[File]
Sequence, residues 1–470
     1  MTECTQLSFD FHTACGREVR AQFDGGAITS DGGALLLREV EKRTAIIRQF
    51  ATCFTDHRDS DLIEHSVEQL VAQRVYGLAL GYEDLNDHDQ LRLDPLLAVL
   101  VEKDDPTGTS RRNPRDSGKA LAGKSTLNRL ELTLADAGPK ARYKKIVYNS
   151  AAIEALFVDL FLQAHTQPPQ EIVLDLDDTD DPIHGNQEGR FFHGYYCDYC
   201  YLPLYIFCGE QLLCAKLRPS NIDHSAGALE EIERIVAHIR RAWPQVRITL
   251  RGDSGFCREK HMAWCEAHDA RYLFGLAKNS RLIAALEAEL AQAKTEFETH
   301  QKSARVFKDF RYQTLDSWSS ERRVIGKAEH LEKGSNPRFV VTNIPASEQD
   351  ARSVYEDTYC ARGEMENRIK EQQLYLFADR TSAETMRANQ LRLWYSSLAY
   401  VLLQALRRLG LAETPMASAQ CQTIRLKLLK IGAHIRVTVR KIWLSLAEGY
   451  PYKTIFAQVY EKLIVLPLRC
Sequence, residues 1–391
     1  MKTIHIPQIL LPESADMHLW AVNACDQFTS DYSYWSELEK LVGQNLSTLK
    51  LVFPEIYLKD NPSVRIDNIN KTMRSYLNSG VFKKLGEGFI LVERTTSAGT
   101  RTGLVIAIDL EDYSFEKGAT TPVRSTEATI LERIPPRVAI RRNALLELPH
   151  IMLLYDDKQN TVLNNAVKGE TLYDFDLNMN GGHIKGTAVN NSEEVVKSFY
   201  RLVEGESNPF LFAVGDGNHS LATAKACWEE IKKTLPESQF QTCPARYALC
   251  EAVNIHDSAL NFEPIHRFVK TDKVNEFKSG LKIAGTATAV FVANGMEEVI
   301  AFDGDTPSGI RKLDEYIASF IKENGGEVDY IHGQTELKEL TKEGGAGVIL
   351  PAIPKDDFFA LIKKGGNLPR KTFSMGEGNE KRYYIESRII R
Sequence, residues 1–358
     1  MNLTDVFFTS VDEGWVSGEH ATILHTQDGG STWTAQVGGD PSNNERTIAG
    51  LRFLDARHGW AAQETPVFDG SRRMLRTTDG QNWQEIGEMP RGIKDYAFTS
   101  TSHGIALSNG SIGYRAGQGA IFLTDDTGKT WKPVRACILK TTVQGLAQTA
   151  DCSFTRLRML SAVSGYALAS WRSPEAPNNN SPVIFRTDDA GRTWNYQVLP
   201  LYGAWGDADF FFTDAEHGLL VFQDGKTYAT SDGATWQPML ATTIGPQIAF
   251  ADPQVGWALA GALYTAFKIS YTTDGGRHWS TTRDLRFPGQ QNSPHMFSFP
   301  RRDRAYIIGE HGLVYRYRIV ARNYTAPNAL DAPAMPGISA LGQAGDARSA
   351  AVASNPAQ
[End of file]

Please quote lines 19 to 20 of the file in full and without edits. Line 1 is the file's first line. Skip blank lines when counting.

   301  AFDGDTPSGI RKLDEYIASF IKENGGEVDY IHGQTELKEL TKEGGAGVIL
   351  PAIPKDDFFA LIKKGGNLPR KTFSMGEGNE KRYYIESRII R